Why not ‘do no harm’
Thank you for the AP article “Argentines wary of agrochemicals.” After reading the article, I thought the headline could have read “Agrochemicals seriously sickening Argentineans agro field workers.” These lethal agrochemicals are seriously sickening agro workers and local residents, if not consumers, all over the world. (PBS Newshour Sunday or Saturday about Hawaii agrochems possibly sickening local residents.)
These agro policies benefitting these maleficent companies must stop.
We’re supposed to have a new farm bill in Congress, which has been postponed while the Republican clowns staged their world-defying little show recently.
Can’t we please have more natural, healthy sustainable farming methods that do not sicken our people, bees and butterflies and all other species?
Why is business not adopting the motto “Do no harm” in their research and products and practices?
Humanity should have a right to live and work in an unpolluted and healthy natural world.
That is what should be created in this millennium, now.
Let us have the foresight, wisdom and courage to build on our local sustainable, organic or non-polluting, agricultural practices and markets here in our northwest Michigan areas.
Claims were in error
On Oct. 12 a letter to the editor appeared in the Record-Eagle titled “Prisons do it wrong.” The author based her information on alleged assertions from an advocacy group “Humanity for Prisoners.”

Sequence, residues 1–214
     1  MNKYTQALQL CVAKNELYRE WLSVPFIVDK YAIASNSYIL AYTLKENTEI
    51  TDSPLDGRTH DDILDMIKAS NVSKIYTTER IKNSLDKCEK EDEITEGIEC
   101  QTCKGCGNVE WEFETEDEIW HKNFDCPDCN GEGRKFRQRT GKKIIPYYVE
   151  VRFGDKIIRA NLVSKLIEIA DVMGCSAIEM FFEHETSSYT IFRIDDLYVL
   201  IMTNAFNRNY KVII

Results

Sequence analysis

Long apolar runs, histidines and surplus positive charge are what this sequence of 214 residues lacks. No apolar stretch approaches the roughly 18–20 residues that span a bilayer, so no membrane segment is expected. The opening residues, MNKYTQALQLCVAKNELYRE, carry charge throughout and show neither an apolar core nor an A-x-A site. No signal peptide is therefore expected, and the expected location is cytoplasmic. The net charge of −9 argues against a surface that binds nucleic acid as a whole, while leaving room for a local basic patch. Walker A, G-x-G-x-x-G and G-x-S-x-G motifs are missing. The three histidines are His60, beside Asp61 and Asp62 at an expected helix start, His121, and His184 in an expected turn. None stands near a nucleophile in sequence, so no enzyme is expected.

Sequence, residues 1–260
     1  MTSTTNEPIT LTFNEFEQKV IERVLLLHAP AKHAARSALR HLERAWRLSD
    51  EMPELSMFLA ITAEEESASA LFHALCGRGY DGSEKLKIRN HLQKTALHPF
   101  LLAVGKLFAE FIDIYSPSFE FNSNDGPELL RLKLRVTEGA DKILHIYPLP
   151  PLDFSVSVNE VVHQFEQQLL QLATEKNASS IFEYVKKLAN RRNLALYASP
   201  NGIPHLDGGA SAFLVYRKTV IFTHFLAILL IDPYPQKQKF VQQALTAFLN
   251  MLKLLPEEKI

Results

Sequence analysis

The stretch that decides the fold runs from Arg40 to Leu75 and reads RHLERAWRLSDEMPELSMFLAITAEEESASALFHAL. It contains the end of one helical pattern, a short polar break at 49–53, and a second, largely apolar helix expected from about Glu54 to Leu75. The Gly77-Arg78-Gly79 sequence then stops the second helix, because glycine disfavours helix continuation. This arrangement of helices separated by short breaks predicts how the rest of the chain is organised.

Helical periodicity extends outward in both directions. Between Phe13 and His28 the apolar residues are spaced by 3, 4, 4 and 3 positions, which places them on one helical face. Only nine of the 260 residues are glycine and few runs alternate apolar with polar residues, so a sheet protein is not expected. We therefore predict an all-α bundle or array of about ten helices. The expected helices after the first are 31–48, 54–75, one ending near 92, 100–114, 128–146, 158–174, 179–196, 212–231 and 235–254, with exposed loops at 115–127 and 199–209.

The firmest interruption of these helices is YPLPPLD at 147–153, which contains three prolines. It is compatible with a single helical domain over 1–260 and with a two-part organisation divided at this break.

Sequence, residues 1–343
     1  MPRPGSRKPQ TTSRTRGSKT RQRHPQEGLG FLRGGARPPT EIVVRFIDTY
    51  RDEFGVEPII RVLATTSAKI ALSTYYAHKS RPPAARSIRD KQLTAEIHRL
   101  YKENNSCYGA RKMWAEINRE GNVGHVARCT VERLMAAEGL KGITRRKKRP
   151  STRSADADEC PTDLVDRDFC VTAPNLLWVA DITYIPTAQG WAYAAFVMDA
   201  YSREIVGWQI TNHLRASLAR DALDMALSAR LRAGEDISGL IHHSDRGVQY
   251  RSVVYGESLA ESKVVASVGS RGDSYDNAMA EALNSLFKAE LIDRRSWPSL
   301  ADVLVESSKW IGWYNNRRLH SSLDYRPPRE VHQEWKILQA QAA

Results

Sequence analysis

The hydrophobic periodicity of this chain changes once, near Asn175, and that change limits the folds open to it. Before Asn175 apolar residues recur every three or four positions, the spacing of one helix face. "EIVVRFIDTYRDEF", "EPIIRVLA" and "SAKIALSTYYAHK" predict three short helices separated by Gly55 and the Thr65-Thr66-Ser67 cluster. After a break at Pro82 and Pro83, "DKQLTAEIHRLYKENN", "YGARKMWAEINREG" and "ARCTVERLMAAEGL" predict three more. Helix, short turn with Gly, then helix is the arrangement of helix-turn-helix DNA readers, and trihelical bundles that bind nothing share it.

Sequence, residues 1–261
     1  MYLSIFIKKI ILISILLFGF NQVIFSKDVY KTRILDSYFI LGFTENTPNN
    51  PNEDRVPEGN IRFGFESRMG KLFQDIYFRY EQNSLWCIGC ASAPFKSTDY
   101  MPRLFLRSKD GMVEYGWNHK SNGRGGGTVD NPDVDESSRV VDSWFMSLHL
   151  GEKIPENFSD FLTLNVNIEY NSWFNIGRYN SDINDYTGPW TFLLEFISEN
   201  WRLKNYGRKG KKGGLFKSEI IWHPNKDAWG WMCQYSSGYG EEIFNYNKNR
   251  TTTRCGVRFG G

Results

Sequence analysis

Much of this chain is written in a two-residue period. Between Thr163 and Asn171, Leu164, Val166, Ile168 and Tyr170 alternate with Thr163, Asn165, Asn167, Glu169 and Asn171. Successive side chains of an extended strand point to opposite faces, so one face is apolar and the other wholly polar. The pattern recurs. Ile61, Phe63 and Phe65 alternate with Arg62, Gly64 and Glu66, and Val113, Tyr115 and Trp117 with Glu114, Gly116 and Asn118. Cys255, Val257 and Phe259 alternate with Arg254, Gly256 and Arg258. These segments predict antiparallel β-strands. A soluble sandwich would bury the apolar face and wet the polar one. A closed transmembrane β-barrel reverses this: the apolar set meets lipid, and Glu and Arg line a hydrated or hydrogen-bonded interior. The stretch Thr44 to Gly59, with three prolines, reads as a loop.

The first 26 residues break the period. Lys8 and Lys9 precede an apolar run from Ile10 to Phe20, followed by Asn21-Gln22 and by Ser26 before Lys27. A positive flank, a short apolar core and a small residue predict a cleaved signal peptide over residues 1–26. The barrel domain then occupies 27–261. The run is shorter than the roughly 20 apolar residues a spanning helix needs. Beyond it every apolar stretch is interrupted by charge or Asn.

The claim made included inmates struggling without basic health care, mental health care, adequate sanitation supplies or toilet paper, adequate heating/cooling, adequate sewage disposal due to overcrowding, and no preparation for release. In addition, “abusive treatment by guards” is claimed. As a retired officer of the Michigan Department of Corrections, I can assure the author as well as the interested readers that those claims are erroneous and without merit.
While the MDOC is not without faults, protection of the public is paramount on the agenda. Secondly, the humane treatment of offenders is mandatory for all MDOC officers and staff. All are bound by policy directives, operating procedures, employee rules.
Within the prison setting, prisoners are expected to follow common-sense rules. Those who refuse to comply are dealt with individually. “Abusive treatment” is not part of the disciplinary process. Michigan’s corrections officers and supervisory staff are the most professional employees I have worked with. I am proud to have been a part of that group.